- Childhood Illnesses You Should Know Slideshow
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- Bacterial Infections 101 Slideshow
- Patient Comments: Coxsackie Virus - Symptoms
- Patient Comments: Coxsackie Virus - Experience
- Patient Comments: Coxsackie Virus - Treatment
- Coxsackie virus facts
- What is coxsackie virus?
- What are the types of coxsackie viruses, and what can they cause?
- What are coxsackie virus infection symptoms and signs?
- How do people get infected with coxsackie virus?
- What are the risk factors for coxsackie virus infection?
- How are coxsackie virus infections diagnosed?
- Is there any treatment for coxsackie virus infection?
- Can coxsackie virus infections be prevented?
- What is the prognosis of coxsackie virus infections?
Quick GuideSlideshow: Children's Health - Childhood Illnesses Every Parent Should Know
What are the types of coxsackie viruses, and what can they cause?
Coxsackie viruses are separable into two groups, A (CVA) and B (CVB), which are based on their effects on newborn mice (coxsackie A results in muscle injury, paralysis, and death; coxsackie B results in organ damage but less severe outcomes.) There are over 24 different serotypes of the virus (having distinct proteins on the viral surface). Coxsackie viruses infect host cells and cause host cells to break open (lyse).
Type A viruses cause herpangina (painful blisters in the mouth, throat, hands, feet, or in all these areas). Hand, foot, and mouth disease (HFMD) is the common name of this viral infection. Coxsackie A 16 (CVA16) causes the majority of HFMD infections in the U.S. It usually occurs in children (age 10 and under), but adults can also develop the condition. This childhood disease should not be confused with the "foot and mouth disease" usually found in animals with hooves (for example, cattle, pigs, and deer). Type A viruses also cause inflammation of the eyelids and white area of the eye (conjunctivitis).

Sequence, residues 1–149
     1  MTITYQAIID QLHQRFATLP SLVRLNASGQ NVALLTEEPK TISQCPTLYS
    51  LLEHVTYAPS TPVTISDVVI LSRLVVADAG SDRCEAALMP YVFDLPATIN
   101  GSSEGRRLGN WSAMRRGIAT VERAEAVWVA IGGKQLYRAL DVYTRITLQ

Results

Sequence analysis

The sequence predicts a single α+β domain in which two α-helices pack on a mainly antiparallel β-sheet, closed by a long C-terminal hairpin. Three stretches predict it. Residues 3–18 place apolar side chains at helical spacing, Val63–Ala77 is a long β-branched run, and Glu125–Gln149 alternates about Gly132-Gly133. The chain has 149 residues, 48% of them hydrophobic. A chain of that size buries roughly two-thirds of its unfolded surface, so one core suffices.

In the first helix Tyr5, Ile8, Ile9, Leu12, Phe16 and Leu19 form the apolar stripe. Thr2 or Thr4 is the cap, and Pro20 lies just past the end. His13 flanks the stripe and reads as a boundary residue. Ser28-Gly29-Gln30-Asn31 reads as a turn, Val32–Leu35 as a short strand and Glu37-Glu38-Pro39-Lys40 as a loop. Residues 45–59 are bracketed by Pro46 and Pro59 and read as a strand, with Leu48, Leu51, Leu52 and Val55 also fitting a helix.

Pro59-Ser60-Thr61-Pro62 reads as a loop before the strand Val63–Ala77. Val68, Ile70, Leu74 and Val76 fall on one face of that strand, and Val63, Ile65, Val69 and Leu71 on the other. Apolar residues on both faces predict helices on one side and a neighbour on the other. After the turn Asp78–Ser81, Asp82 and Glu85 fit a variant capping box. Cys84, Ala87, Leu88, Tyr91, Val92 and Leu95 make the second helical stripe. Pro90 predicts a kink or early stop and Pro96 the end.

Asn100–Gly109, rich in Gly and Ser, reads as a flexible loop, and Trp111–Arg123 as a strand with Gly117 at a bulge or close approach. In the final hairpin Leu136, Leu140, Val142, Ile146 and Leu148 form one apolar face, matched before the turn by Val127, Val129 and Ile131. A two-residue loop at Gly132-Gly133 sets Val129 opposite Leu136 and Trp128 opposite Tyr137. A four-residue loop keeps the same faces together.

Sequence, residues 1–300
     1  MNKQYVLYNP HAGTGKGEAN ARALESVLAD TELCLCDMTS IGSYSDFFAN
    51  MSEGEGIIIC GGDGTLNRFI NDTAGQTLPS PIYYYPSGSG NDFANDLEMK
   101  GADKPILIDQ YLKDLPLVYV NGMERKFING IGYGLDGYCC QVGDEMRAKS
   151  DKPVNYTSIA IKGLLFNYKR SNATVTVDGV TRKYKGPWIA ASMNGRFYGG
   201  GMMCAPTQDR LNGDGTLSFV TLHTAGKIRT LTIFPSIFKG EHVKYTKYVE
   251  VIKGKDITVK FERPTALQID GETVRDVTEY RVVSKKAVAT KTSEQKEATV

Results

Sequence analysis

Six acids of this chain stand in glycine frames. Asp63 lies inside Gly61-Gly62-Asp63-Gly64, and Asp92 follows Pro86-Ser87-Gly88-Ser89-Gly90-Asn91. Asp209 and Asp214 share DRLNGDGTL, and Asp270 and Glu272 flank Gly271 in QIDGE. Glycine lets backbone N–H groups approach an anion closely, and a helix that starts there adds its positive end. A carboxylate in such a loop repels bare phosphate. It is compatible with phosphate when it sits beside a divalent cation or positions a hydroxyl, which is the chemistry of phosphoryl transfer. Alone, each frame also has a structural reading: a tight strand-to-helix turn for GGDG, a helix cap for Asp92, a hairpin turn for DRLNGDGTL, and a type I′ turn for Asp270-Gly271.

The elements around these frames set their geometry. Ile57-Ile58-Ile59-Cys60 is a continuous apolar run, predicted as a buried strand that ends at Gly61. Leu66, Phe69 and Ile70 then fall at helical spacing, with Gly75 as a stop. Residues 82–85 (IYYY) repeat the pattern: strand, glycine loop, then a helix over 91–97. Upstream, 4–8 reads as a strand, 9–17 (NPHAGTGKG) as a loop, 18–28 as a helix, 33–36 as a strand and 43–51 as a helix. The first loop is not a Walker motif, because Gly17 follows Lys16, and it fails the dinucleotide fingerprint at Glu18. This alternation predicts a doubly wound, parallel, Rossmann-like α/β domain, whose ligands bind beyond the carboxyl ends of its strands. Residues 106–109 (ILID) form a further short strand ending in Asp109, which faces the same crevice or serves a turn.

Type B viruses cause epidemic pleurodynia (fever, lung, and abdominal pain with headache that lasts about two to 12 days and resolves). Epidemic pleurodynia is also termed Bornholm disease. There are six serotypes of coxsackie B (1-6, with B 4 considered by some researchers as a possible cause of diabetes in a number of individuals).
Enterovirus 71, like coxsackie virus, also causes HFMD. In Asia in July 2012, particularly Cambodia, children infected with enterovirus 71 (EV-71) had a high mortality rate due to encephalitis and acute polio-like paralysis. This epidemic (mainly in babies, toddlers, and children under 2 years of age).